Council staff – pending the outcome of the review by Foras na Gaeilge, appointment of an Irish Language Officer to promote Irish within the council and in the council area, with responsibility for the development of an action plan to ensure the promotion of Irish language can be effectively provided by council , including awareness-raising and language training

Ulster-Scots Language Policy

1. The Ulster-Scots Language Policy will be developed in line with the proposals in the Executive’s Strategy and will take account of advice from the Ulster-Scots Agency.

2. The aims of the Ulster-Scots Language Policy may include:

to increase the visibility and use of the Ulster-Scots language in Belfast as appropriate
to publicise the fact that the Council will facilitate the use of the Ulster Scots language as appropriate
to encourage the promotion of Ulster-Scots cultural and heritage, educational and tourism initiatives

3. The development of the policy will enable consideration of the council’s approach to the following services:

Documents – the provision of documents which are either bilingual (English and Ulster-Scots) or as a matter of course when likely to be used by the Ulster Scots speaking community

Communication – Council will accept written correspondence in Ulster-Scots and where possible, will reply in Ulster-Scots

Translation and interpretation – requests from the Ulster-Scots speaking public to use Ulster-Scots in face-to-face discussions are welcome if notice is given so that simultaneous interpretation services can be made available

Signage and Branding – the use of Ulster-Scots whenever the council’s title and emblem appear on stationery, publications, signs, buildings and other contexts in which it will be seen primarily by users of Ulster-Scots

Council meetings – recognise the practice of speaking Ulster-Scots in the Council Chamber. Individual Members may speak in Ulster-Scots and subsequently provide an English translation (within their allocated time), acknowledging the principal language of the council is English. We will facilitate the use of Ulster-Scots at council and Committee meetings by public delegations, including the provision of interpreting services

Development of Website/social media – the development of an Ulster-Scots language microsite and material on Facebook as appropriate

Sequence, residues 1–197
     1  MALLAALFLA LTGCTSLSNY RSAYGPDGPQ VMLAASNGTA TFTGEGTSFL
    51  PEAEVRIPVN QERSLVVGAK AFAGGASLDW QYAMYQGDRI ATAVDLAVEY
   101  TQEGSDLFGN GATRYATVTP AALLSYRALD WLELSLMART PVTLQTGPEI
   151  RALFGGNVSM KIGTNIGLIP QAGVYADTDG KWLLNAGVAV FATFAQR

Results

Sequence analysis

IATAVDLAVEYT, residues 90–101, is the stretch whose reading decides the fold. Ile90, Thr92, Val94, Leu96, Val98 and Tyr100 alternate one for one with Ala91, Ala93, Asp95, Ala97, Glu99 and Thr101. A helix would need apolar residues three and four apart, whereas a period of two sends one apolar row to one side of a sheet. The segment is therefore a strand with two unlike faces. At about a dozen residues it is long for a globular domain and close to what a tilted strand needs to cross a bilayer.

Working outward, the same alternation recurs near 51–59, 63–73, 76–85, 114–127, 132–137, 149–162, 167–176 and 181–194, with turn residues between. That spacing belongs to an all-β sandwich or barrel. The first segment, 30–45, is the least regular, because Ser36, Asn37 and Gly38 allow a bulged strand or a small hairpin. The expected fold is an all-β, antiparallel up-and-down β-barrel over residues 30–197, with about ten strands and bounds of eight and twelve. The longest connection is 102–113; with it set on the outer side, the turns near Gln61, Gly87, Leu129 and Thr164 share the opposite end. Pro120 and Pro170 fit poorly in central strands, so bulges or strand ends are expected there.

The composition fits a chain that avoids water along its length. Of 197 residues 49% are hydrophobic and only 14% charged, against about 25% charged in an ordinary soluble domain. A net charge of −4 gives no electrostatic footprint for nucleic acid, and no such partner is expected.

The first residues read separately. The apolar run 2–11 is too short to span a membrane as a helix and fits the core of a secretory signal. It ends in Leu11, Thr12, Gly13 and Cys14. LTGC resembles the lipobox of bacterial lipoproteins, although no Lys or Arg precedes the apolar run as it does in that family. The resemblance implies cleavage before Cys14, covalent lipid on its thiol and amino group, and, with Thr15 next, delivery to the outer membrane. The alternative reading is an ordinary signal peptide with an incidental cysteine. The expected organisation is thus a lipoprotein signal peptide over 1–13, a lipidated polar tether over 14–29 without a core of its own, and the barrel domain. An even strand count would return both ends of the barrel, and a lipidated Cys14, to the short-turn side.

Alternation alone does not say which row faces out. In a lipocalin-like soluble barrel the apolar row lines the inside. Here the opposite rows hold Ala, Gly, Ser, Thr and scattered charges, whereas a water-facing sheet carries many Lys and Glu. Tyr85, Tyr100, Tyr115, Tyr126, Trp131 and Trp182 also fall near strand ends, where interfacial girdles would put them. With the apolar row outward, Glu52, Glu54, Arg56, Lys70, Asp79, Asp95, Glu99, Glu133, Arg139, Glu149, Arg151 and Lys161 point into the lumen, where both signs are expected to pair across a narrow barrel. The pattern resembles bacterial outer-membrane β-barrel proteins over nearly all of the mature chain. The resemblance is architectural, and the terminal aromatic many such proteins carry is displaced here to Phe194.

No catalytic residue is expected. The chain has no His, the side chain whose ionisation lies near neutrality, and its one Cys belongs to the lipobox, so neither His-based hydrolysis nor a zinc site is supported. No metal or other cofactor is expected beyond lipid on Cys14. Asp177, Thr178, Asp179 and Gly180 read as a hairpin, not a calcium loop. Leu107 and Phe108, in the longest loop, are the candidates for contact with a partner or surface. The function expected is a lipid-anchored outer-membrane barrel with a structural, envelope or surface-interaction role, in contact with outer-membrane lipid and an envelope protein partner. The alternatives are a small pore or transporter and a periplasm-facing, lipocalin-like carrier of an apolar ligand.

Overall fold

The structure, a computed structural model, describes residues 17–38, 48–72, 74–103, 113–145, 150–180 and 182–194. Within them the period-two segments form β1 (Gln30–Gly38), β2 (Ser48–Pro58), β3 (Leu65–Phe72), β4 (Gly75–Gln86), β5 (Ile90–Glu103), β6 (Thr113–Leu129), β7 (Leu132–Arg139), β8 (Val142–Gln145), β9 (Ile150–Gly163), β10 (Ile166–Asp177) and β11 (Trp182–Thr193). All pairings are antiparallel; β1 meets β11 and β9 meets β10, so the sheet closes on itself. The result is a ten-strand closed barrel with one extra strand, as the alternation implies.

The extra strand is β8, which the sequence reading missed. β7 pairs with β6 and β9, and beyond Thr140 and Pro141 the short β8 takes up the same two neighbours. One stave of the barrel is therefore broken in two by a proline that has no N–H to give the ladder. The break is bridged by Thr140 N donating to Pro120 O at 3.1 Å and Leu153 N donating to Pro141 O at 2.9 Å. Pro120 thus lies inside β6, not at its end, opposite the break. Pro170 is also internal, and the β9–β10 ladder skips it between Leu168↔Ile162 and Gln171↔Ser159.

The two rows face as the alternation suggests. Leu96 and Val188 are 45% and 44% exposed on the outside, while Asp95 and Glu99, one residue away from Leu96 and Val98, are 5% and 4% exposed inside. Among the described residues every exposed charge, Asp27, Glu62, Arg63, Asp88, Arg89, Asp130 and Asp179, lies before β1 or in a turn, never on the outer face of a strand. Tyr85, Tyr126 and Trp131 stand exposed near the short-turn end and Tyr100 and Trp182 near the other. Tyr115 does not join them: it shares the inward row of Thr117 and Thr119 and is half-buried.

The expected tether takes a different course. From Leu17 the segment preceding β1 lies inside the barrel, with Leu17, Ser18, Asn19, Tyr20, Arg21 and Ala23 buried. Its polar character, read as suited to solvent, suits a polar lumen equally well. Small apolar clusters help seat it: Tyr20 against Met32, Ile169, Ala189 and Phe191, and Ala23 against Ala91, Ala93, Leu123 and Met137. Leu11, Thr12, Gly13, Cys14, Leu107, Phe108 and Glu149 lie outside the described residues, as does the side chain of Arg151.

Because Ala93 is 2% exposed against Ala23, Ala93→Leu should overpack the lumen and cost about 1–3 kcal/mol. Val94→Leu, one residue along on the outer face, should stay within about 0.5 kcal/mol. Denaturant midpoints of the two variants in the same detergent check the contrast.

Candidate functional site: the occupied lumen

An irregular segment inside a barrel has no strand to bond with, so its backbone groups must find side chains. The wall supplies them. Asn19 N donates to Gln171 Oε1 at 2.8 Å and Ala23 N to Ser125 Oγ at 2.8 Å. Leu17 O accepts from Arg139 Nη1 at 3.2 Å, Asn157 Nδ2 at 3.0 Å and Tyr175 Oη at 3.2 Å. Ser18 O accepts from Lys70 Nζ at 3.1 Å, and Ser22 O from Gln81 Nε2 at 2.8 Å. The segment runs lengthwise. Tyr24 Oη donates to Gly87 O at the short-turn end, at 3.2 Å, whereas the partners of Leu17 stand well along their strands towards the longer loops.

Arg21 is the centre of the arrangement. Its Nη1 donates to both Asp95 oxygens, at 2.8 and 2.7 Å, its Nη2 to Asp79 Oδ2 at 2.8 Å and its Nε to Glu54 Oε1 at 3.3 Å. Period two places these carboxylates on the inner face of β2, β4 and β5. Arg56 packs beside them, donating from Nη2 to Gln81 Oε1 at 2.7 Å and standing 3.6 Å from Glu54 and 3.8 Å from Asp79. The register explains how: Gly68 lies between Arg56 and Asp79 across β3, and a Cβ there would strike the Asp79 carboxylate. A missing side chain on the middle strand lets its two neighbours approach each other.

Ulster-Scots language media – the provision of an Ulster Scots language or bilingual version of press statements to the Ulster Scots language media as appropriate

Ulster Scots in the community - The council will support Ulster-Scots cultural, educational heritage and tourism activities by facilitating events within council buildings and venues where practicable and in line with council policy

Belfast City Council will promote opportunities for the promotion of Ulster-Scots by encouraging grant-aid applications for Ulster-Scots initiatives to current and future schemes as appropriate.

Council staff – development of an action plan to ensure that Ulster-Scots language services can be effectively provided by the Council including awareness raising and language training

Other Languages Policy (including sign language)

1. The Other Languages Policy will be developed in line with best practice advice from appropriate sources and will take into account the increasing ethnic diversity of the city, as well as the communication needs of some disabled people. However, it will also emphasise the importance of using plain English at all times in the delivery of goods, services and facilities.

2. The aims of the Other Languages Policy may include:

to ensure that residents and customers who have difficulty communicating in English are not disadvantaged in accessing key council services
to ensure good practice is observed in producing information for people with sensory disabilities and make appropriate provision for those with learning disabilities
to support community cohesion and good relations by seeking to remove the barriers to the development of positive relationships that arise from inability to communicate in a common language
to publicise the fact that the council will facilitate the use of minority languages as appropriate to encourage the promotion of cultural and heritage tourism initiatives through minority languages and traditions

3. The development of the policy will enable consideration of the council’s approach to the following services:

Documents – continue to publicise the commitment in the council’s Equality Scheme to provide information in alternative formats on request, where reasonably practicable, by ensuring that appropriate information to this effect is included in all documents. All service providers to consider the need for translation of documents in relation to the specific nature of their service

Translation and interpretation – requests from speakers of minority languages to use minority languages in face-to-face discussions are welcome if notice is given so that simultaneous interpretation services can be made available

Council meetings – facilitation of the use of minority languages by public delegations at council and committee meetings, including the provision of interpreting services

Website – ensuring that the council’s website is written in plain English, that the Google Translate tool is readily available and that the website contains information on the council’s minority language services, events and initiatives.

Welcome guides – provision of up-to-date information on council services for newcomers/visitors in a range of languages

Events – promotion of inclusion and participation from members of different linguistic communities in all council events and the provision of interpretation where appropriate

Council staff – development of an action plan to ensure that minority language services can be effectively provided by the council where appropriate, including the development of linguistic diversity guidelines, awareness and language training and the provision of language identification cards and hearing loop induction at customer service reception desks.

Minority Languages Forum – establish a forum of organisations representing people from ethnic minority backgrounds and people with disabilities.